There are four phases to the cycle of violence. Each phase indicates the behaviour of the abuser and the consequences the act will have on the victim. The existence of such a cycle is more obvious when there is physical violence in the relationship, however the cycle exists regardless of the form of abuse (physical, psychological, economical, spiritual and sexual). Finally, the length and intensity of each phase differs from one relationship to the next.



The cycle of violence constantly repeats itself with less time between each violent episode. Also, it is imperative to remember that the ultimate level of the cycle of violence is spousal homicide.  


Therefore, it is imperative to break the silence, as it is the only way to stop the cycle of violence.



  • Many small incidents over a longer period of time
    • These incidents can range anywhere from trying to change her behaviour to glaring looks or criticisms.
  • Violence usually causes anxiety and fear in the victim; and they may feel as though they are walking on eggshells around their partner in order to avoid the escalation of violence
  • Victim usually feel responsible for the situation and hopes that the violence is just a phase



  • Violence is aggravated
  • Violent episode can last from a few minutes to a few days
  • Victim is in a state of shock and is confused
  • Victim feels powerless



  • Abuser tends to justify his actions
  • Victim can internalise this justification
  • Victim will eventually start questioning themselves as to whether or not they are to blame for their partners abuse





  • Abusive partner can begs for forgiveness and promises that the violence is over
  • Abuser will say that he can change and the victim hopes that he will
  • Abuser will become kind and gentle



This last period can vary in length and may not even be present in certain relationships.

However, at one point in the reconciliation phase, the violence will erupt and the cycle of violence will begin once again.





Usually victims of conjugal violence feel isolated, lonely, and are filled with fear. Therefore, even if you might be hesitant to help, the simple act of reaching out and letting a victim know that you are there to support them, can provide tremendous relief.


If a victim does decide to open up to you, listen to her without passing judgement. However always make sure that both you and the victim are in a safe environment. Also, it is imperative that you do not bring up the issue in front of others and most importantly in front of the victims partner.


Finally, help the victim access support services such as talking to a social worker, attending support groups and help her find information about her rights.




  • Do not isolate yourself, it is important that you speak to someone you are comfortable with about your situation.
  • Seek out external resources, there are many resources available to help you such as talking to a social worker, who will listen to you and give you information about your rights and different options. Also, this service is free and confidential.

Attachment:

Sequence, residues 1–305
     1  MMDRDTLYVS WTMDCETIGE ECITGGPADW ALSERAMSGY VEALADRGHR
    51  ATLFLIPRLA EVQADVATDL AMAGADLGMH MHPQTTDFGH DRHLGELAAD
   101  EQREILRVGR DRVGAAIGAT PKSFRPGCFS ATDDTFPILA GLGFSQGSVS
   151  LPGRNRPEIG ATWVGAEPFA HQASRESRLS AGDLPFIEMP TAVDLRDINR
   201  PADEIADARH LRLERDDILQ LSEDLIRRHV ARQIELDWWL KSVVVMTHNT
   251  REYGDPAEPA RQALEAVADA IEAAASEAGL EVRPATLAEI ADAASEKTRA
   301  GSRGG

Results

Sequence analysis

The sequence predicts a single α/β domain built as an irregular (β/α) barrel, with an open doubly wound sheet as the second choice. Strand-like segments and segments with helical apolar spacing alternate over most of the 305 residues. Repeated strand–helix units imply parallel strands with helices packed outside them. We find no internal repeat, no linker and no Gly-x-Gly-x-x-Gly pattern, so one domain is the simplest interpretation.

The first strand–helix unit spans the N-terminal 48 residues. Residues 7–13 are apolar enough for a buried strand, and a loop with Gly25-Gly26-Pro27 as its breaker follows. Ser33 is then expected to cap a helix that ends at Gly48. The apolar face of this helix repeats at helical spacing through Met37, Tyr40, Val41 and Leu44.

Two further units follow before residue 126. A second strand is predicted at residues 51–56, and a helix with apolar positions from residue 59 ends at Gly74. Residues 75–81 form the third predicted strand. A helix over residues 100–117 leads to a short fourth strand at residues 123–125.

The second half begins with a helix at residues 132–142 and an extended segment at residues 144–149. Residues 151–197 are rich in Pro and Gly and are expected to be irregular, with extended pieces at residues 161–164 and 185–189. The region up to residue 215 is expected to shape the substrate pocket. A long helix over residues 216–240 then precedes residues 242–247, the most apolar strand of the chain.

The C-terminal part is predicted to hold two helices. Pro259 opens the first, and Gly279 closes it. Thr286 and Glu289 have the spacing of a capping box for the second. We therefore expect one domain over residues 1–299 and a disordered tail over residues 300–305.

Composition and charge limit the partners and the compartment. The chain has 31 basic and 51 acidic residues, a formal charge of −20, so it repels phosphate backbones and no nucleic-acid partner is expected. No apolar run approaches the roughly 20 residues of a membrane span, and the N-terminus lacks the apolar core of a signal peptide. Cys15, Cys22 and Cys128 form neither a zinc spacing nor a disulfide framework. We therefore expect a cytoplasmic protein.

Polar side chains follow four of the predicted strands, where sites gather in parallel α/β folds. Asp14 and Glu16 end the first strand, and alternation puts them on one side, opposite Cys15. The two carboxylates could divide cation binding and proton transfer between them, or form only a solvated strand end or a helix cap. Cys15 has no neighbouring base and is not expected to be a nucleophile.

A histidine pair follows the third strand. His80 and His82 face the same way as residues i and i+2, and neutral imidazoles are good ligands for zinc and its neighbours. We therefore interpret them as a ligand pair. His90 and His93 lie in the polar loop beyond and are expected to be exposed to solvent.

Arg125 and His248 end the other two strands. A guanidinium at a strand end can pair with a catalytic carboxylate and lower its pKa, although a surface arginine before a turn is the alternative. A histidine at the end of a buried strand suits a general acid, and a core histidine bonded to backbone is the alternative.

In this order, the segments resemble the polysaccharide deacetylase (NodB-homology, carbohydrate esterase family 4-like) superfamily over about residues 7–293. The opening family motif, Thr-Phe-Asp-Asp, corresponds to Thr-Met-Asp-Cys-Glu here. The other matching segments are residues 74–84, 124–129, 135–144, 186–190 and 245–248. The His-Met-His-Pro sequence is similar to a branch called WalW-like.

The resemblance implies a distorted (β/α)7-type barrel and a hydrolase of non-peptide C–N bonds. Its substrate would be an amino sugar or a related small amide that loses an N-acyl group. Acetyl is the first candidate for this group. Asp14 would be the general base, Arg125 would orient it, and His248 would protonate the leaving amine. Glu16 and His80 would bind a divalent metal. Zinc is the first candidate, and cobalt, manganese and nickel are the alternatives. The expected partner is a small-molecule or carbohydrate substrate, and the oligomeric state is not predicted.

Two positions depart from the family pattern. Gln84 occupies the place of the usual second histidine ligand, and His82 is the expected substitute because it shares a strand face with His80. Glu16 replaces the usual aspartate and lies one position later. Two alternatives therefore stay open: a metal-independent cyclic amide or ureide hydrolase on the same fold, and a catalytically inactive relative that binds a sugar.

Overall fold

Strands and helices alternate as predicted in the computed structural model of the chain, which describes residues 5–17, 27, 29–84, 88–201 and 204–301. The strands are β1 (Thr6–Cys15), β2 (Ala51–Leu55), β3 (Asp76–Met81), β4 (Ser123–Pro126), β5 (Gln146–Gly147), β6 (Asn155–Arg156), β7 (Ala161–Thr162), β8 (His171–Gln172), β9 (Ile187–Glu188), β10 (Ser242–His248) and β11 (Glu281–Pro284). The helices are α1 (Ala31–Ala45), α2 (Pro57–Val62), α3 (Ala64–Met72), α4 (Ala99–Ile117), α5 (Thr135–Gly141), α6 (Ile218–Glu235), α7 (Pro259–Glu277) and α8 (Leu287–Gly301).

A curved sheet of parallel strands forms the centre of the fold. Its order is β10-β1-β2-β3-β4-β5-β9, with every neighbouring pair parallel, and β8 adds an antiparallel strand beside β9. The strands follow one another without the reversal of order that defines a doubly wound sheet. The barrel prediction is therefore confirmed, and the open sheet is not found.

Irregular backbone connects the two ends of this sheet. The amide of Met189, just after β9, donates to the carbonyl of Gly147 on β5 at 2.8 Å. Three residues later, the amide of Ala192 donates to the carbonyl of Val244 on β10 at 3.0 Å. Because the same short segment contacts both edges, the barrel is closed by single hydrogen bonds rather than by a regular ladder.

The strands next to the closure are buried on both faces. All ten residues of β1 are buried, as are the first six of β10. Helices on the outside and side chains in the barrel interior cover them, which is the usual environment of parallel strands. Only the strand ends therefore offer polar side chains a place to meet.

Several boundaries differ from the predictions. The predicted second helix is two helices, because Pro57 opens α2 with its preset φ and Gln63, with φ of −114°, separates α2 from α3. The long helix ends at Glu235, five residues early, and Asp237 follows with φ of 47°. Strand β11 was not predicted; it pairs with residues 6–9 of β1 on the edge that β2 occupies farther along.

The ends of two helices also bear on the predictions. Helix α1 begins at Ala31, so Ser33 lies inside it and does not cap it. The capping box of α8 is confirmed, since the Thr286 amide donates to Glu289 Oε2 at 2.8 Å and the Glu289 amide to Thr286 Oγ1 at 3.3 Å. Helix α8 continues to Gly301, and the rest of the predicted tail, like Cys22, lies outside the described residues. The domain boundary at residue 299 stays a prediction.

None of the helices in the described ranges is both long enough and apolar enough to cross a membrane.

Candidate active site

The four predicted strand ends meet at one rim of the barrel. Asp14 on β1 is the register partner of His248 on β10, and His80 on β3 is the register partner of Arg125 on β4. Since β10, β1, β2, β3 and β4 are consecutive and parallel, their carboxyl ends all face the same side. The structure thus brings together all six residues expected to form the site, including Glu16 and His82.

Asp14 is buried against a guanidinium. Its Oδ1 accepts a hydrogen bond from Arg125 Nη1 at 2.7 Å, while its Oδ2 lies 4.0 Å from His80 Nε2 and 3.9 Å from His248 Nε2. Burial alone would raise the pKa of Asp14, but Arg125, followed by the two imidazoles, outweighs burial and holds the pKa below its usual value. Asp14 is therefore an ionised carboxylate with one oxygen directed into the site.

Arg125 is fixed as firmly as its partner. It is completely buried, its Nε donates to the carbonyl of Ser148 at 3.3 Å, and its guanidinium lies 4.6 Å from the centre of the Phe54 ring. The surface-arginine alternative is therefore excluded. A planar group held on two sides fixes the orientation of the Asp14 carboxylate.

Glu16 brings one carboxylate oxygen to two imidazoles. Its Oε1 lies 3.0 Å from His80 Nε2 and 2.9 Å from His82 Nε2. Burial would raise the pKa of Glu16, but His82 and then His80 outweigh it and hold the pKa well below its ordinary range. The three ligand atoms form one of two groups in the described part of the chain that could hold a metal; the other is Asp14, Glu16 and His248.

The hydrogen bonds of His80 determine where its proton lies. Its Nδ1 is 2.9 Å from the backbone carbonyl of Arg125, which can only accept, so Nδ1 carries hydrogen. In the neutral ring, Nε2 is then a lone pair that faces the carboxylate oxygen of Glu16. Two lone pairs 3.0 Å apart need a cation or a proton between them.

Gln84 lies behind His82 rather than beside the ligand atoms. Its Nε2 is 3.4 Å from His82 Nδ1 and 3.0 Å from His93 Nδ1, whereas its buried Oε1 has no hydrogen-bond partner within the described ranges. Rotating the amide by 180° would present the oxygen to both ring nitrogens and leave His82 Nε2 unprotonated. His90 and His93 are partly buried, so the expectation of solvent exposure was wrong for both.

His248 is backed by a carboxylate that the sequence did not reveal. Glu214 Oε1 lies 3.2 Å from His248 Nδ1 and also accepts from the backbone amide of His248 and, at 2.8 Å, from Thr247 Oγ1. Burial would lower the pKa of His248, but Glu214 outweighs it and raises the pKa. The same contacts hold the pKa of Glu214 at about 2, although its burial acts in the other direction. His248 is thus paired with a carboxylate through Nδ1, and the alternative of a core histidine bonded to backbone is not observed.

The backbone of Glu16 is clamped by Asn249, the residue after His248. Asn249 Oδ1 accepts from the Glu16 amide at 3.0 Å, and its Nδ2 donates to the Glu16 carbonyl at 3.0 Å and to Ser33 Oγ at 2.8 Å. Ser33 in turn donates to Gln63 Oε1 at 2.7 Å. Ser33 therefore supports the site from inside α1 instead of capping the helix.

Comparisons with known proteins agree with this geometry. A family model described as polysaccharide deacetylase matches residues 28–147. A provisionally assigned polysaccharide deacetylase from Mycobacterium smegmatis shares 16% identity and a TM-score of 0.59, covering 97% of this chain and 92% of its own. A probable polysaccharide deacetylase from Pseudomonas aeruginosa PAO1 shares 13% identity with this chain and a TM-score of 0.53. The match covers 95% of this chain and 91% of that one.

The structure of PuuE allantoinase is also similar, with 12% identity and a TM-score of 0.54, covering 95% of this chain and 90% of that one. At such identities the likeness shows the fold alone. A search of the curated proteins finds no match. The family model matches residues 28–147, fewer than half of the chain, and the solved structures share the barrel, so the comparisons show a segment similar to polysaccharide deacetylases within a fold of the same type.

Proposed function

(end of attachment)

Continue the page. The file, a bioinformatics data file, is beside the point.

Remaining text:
• Call the police and report the incident. It is important to remember to write down the report number in order to refer to the incident at a later date.
    • However, after reporting an incident to police, the decision to press charges is not up to you and the police can press charges against your partner, even if you don not want to.
    • Remember 1 out of 4 calls to police is someone reporting a conjugal violence situation
  • Go to a shelter, if you do not feel safe in your own home. Shelters are secure and confidential locations you can live in for a certain period of time, and where you can have access to a support system of social workers who can help you start your new life.
  • The services offered by shelters are: individual consultations, support groups and accompaniments.
  • Also certain shelters have social workers who do speak your langue. Therefore, you can be provided information in the language you are most confortable with.  This service is also free, and all information discussed with the social workers is confidential.


If you are a victim of abuse, you are not alone and you have the right to be safe! Do not be afraid to ask for help!






Is conjugal violence a private or public issue?

  • Conjugal violence is NOT considered a private issue but rather a social problem, which needs to be openly discussed. Furthermore, in Canada, conjugal violence is not tolerated.
  • Also, the idea that conjugal violence is a private matter further ostracizes the victim and keeps them under the control of their partner. It also prevents them from seeking any form of help.

Why would a woman in a violent relationships stay with their partners?


  • There are a number of reasons why a woman would decide to stay with their abusive partner. Some women have hope that their partner will change (stop their violent behaviour), others feel guilty about breaking up their family and there are also women who believe they are not financially independent enough to make it on their own.


If a partner seeks help for their violent issues, will the abuse stop?

  • Therapy can address the violent behaviour but it is not a miracle solution. The first step towards change is for the partner to recognize that they need to change. Furthermore, the consequences of the violence (including both physical and psychological) will not go away on its own. It is important that the victim finds a way to heal from the effects of the abuse (EX. by talking to a social worker, by attending a support group, etc.)

Can men be victims of conjugal violence?


  • Yes. Due to the fact that conjugal violence is based on a relationship of domination; both men and women can become victims of this crime. In fact, of all the cases of conjugal violence reported in Québec, approximately 15% of victims are men.  




Conjugal violence is not tolerated in Canada, in all shapes and forms. If you are worried about the safety of yourself and your children, there are a number of resources that can help you:


  • If it is an urgent matter: Call the police 911
  • SOS violence conjugale: 1-800-363-9010 will put you in contact with different shelters
  • For external services contact the Shield of Athena: 1-877-274-8117


REMEMBER… You have the right to be free from abuse and you can break free from the cycle of violence!